Another weekend, another trip to Sydney. Might as well call it our third home. This time, the journey was significantly quicker as we flew from Albury Airport (a hive of furious activity, as you can see) rather than tackling the six-hour drive again. Air travel is definitely the way to go over here.
We stayed at the house of an English couple, Dave and Sue Toft, who ventured to Australia on a teaching exchange in 2008 and subsequently extended their stay. Dave is a Birmingham City fan and it was refreshing to launch into a rambling football conversation which took in Morecambe, Milton Keynes Dons and Maidstone United. They were great hosts and it made our three-day stay so easy.
On Friday, Rachel and the other exchange teachers (largely from Canada, UK and USA) attended a conference at the Department of Education in the city centre, leaving the 'other-halves' and children to choose their own entertainment. There was a walk organised but I lasted only as far as the tourist information centre before changing course and catching a ferry down the Parramatta River to the Olypmic Park, where the 2000 Games were held.
The main athletics venue has since changed in appearance, and name - to ANZ Stadium. I joined a tour and we stopped off at all the usual points: corporate boxes, member suites, press area, changing-rooms, warm-up zone etc. The stadium's most impressive feature is its versatility, hosting cricket, rugby, AFL and soccer at different times during the year. As we looked down from the stands, the ground staff were treating new turf in the centre of the field, completing the transformation from a cricket oval to a rugby league pitch. All very good and a sure-fire way to recoup the money spent on building the Olympic facilities, but with so many clubs using the stadium, I don't think anyone could really call it home. Grounds like Anfield, Lord's and Twickenham have crystal-clear identities but not so ANZ. Images of Jonny Wilkinson's drop-goal and Cathy Freeman racing to 400m gold offered a tinge of sporting history but in short, the stadium had quality without character.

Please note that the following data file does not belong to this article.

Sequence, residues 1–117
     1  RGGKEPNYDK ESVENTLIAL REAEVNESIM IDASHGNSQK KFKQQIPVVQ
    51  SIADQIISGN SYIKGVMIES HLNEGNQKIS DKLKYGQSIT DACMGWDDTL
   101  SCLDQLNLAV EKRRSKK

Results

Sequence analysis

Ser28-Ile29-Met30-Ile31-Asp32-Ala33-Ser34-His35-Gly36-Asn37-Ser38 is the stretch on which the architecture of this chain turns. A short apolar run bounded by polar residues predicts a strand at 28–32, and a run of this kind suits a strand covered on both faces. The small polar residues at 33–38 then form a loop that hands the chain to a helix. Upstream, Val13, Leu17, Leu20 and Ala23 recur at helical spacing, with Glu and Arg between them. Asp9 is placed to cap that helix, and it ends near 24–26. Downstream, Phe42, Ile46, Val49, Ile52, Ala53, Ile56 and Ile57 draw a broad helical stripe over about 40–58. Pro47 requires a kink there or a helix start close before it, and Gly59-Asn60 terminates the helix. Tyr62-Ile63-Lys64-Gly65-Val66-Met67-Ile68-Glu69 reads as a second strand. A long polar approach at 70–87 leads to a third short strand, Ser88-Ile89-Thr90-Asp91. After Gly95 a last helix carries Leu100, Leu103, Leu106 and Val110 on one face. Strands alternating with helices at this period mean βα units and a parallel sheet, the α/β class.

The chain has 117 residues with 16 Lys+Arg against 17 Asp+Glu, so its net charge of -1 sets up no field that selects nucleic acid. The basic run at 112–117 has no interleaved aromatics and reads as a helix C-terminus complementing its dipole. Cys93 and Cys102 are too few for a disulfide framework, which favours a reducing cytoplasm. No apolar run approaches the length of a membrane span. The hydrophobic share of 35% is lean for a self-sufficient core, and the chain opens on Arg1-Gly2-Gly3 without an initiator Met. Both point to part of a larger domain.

I walked around the rest of the park and stumbled across the Australian Olympic table tennis qualification tournament in the sports hall. I had a chat with the national fifth seed, Trent Carter, but couldn't stick around long enough to see him in action.
As Brits, we were in the minority on the harbour cruise the following day, although we did make friends with a girl from York called Rachel Dickenson (pictured). The exchange has placed her in Broken Hill, way out in the west of New South Wales - get on Google Maps - and her house is a mile from the actual desert. From her home to Sydney is a vast distance, 13 hours by road (although, wisely, she flew). Such mammoth journeys seem so alien to us. The famous Land's End to John O'Groats trek is 16 hours, but Rachel's trip home was only a fraction of the way across Australia. Mad.
We were blessed with brilliant weather again. Loads of sailing boats were out in the harbour as we made our way back to Circular Quay - between the Harbour Bridge and Opera House.
On Sunday we crossed the city to visit Amy Lamont, who we had met on our first Sunday in Albury. Amy is studying and living at Moore Theological College, south of the water, so our paths had only just crossed before she moved out of town. We convened at Erskineville Village Anglican Church, whose name is shortened to 'Erko' on the church's website. This seems common practice in Australia. Paramedics are 'ambos', bin men are 'garbos and I am now 'Stevo'.
It was great spending time with new friends and a privilege to be back in Sydney. On arrival back in Albury, we hit Skype and caught up with several of you lovely people back home. Keep your comments, letters, pictures and postcards coming.
Rachel has already got herself into our local paper, the Border Mail. Click the photo to enlarge and read the story.
JOB UPDATE: Rachel is enjoying life at Albury North Public School, who held their swimming carnival last week. I have been writing for myfootballclub.co.uk and conducting interviews with players and managers via Twitter (SEE HERE). I also had a constructive meeting with the editor of the Border Mail last week. They are happy for me to do sports writing for them, although initially it will be on a work experience basis. I expect to pick up temping work to off-set these other ventures.